Reviews

Eastern Europe; A Laboratory for the Sustainability of ‘Western Democracy’?

Celebrating the 50th anniversary of the Centre of Russian and East European Studies (CREES) at the University of Birmingham in 2013, a series of lectures and special seminars were held over the course of the year, each featuring distinguished guest speakers coming from different fields of expertise. Kasia Remshardt reports on the first of two for Vostok Cable.

Birmingham UniversityPicture by Graham Norrie, used under Creative Commons Lisence

Birmingham University
Picture by Graham Norrie, used under Creative Commons License

18 March 2013 (Dieter Segert, University of Vienna)

An expert on post-socialist transformations and political systems in Central and Eastern Europe (CEE), Professor Dieter Segert came to talk to a small but interested audience on March 18 to share his insights on the highly topical issue of political change in Easter Europe after 1989. Indeed, what could well be termed a populist backlash against democratic development have made the headlines over the past few years in a number of CEE countries.

Building on Janos Kornai’s framework of the ‘Second Great Transformation’ taking place in the former Soviet bloc after the fall of communism, Professor Segert explored the reasons for the emergence of populist politics in Poland and Slovakia, the political upheaval in the Czech Republic in 2006, as well as the continued support for a nationalist government in Hungary. According to Segert, these parallel developments are not purely coincidental, but part of a broader process indicating that a “crisis of representative democracy” is underway in the region.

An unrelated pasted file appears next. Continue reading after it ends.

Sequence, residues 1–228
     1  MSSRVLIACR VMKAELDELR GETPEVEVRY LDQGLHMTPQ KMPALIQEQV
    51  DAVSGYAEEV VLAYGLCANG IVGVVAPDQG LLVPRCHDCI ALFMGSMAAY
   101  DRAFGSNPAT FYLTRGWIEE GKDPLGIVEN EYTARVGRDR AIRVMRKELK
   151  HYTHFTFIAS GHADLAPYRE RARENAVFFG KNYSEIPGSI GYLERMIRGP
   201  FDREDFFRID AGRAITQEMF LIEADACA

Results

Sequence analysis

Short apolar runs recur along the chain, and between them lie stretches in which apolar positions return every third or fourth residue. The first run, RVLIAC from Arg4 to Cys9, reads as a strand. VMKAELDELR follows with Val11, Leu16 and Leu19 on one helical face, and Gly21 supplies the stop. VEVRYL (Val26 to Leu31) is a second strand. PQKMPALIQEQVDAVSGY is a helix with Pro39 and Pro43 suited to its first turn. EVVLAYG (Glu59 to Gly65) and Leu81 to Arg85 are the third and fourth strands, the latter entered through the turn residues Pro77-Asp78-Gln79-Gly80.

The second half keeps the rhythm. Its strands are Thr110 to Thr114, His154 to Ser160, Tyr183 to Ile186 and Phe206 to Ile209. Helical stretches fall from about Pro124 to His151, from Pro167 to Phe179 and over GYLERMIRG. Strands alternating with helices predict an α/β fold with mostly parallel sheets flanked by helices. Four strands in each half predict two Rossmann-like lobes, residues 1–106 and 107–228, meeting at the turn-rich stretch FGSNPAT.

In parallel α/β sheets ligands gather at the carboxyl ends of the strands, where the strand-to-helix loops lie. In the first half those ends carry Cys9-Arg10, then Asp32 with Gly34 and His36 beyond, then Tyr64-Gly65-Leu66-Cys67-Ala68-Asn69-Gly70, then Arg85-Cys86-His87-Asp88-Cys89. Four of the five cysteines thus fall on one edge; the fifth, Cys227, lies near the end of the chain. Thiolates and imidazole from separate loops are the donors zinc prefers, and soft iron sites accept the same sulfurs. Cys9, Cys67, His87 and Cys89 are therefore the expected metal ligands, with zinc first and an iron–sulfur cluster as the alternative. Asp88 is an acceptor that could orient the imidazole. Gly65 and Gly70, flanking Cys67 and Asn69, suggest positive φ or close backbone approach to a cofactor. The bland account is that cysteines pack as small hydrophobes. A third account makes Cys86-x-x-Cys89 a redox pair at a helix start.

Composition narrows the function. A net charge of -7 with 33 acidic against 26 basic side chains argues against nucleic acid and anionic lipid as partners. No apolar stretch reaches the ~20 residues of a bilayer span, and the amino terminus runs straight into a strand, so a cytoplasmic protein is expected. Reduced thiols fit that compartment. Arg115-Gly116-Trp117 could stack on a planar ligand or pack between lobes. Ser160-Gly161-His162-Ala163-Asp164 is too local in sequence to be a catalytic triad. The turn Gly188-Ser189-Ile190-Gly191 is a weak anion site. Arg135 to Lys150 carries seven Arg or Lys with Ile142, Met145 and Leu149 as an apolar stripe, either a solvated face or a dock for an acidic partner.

This crisis is not only reflected in the aforementioned rise in populist parties, but in a general lack of trust in parties and low levels of political participation in these countries. Underlying these phenomena is a profound sense of alienation of the populace from the incumbent political elites who were unable to live up to voters’ high hopes after the end of communist rule.

Key to this divergence between expectation and reality are not only the misconceptions about capitalism as a largely benign force, but also the unawareness of the changing nature of capitalism itself. As Segert points out, “consumption capitalism” as a model was becoming outdated in the West by the time CEE was shaking off its Soviet heritage, though it remained the coveted ideal to many people in the Eastern part of Europe. Delusions about the outcome of socio-economic transformation, paired with the disappointments of transition were sowing the seeds of discontent and political instability the results of which are becoming apparent now.

The lessons to be drawn from this are not that the ‘East’ will eventually stabilise and consolidate its democratic institutions in emulation of the ‘West’. On the contrary, according to Segert, CEE is likely to be a showcase of future political development in the rest of Europe, demonstrating how the institutions of liberal democracy might be undermined in the long run.

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